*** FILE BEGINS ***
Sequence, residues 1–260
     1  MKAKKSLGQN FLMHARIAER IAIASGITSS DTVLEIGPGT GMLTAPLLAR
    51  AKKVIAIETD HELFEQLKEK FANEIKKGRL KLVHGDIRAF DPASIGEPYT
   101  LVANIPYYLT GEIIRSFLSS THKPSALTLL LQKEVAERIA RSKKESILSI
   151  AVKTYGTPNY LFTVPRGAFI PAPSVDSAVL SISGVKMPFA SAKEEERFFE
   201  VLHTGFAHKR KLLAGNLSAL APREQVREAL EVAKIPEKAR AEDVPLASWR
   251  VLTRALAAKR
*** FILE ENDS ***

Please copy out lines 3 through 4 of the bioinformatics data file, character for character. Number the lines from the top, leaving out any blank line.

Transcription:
    51  AKKVIAIETD HELFEQLKEK FANEIKKGRL KLVHGDIRAF DPASIGEPYT
   101  LVANIPYYLT GEIIRSFLSS THKPSALTLL LQKEVAERIA RSKKESILSI